In the late nineteenth century, two distinct reform movements coming out of the Dutch State Reformed Church (the Afscheiding of 1834 and the Doleantie of 1886) merged to form The Reformed Churches of the Netherlands (De Gereformeerde Kerken in Nederland). While both groups had much in common, there remained fundamental points of disagreement, which erupted into controversies over such doctrines as immediate regeneration and presumptive regeneration.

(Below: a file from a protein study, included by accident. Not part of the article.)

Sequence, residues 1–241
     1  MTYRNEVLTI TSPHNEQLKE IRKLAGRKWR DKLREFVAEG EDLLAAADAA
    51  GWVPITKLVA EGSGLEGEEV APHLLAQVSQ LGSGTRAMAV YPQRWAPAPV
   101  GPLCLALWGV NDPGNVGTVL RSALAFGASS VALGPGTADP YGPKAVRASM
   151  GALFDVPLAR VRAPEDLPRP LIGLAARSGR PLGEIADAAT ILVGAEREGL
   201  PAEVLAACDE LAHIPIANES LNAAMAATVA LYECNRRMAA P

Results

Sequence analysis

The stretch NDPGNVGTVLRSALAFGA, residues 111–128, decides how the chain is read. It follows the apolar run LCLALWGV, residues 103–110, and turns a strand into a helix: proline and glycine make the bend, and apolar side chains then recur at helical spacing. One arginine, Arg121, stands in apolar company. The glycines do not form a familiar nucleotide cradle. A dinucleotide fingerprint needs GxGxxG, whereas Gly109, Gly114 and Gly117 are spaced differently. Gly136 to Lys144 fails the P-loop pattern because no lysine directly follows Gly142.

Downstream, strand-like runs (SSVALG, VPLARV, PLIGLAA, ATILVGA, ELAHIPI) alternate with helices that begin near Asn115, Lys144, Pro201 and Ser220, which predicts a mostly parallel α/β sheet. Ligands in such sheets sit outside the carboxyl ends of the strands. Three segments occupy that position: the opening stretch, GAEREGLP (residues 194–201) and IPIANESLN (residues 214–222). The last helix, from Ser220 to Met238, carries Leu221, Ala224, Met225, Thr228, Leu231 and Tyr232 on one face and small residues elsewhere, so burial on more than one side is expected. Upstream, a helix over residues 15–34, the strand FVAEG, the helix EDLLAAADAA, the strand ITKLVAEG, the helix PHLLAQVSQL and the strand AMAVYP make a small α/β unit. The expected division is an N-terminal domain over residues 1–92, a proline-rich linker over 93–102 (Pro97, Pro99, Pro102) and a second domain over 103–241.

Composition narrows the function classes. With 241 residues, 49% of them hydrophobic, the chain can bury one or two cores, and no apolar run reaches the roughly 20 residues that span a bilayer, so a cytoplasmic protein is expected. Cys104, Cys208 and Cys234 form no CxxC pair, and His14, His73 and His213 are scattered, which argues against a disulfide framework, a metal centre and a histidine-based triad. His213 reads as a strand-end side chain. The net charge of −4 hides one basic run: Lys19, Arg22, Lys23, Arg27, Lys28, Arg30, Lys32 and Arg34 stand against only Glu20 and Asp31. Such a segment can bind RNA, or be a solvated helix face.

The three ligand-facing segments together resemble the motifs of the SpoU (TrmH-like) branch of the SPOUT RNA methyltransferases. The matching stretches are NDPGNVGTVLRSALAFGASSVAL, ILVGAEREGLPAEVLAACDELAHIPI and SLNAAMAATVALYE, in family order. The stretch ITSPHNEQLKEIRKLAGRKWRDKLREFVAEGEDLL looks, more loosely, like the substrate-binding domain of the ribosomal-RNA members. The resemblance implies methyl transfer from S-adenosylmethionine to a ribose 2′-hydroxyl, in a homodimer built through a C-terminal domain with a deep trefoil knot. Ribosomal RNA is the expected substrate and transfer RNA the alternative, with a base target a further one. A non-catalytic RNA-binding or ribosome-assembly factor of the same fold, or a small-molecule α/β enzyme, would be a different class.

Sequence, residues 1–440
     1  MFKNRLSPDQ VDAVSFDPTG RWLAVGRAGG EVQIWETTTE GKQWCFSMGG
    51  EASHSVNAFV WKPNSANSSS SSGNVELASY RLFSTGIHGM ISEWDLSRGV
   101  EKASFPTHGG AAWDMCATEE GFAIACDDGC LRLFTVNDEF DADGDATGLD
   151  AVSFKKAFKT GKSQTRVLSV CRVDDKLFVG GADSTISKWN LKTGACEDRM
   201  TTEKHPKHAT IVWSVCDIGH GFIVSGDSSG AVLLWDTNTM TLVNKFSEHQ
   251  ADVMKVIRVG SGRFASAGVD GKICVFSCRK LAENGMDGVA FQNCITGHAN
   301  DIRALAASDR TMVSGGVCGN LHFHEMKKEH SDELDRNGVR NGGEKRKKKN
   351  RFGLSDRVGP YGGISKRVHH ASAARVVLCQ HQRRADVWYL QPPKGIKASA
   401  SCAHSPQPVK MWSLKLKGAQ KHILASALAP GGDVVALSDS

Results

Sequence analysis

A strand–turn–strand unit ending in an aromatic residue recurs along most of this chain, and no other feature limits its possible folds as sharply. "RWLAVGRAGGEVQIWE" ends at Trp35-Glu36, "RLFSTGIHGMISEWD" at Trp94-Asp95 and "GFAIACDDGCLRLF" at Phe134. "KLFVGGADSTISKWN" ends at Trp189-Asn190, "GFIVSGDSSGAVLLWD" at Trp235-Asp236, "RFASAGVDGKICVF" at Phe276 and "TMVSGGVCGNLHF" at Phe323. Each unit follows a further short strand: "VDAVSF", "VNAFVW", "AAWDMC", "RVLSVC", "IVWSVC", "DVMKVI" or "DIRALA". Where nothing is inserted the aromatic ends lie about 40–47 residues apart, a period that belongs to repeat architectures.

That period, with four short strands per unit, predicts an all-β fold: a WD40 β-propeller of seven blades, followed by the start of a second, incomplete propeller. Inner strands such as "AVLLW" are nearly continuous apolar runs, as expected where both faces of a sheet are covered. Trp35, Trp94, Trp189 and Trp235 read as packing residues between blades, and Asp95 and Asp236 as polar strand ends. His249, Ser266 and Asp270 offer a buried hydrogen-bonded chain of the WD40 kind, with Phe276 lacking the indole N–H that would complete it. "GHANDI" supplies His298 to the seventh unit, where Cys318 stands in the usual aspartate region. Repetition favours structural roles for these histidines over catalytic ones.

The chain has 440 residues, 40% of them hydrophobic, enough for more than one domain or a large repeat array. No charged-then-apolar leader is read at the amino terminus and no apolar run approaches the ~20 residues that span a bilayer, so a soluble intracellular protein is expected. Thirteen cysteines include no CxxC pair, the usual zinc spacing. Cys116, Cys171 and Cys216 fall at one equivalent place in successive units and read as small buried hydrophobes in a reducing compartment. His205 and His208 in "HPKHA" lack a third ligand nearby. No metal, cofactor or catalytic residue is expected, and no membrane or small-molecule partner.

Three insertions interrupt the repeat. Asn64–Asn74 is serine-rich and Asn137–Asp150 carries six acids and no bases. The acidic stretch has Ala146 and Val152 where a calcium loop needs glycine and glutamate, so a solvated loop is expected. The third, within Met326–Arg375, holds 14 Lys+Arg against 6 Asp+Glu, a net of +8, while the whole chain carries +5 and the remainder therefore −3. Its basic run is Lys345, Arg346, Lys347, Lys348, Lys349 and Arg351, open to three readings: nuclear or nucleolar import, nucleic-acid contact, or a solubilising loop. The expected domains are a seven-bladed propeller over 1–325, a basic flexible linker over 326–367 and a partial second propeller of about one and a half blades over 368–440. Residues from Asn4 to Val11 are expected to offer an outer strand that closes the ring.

In Saved by Grace, Herman Bavinck (1854-1921) discusses God's gracious work in bringing fallen sinners to new life and salvation. He provides a careful historical analysis that shows how Reformed theologians have wrestled to understand the Holy Spirit's work in calling and regeneration since the seventeenth century. Bavinck brings exegetical precision and theological clarity to the discussion, carefully avoiding the errors of undervaluing and overvaluing the use of means in the work of salvation. This book, therefore, takes up questions with which every new generation of Reformed writers must grapple.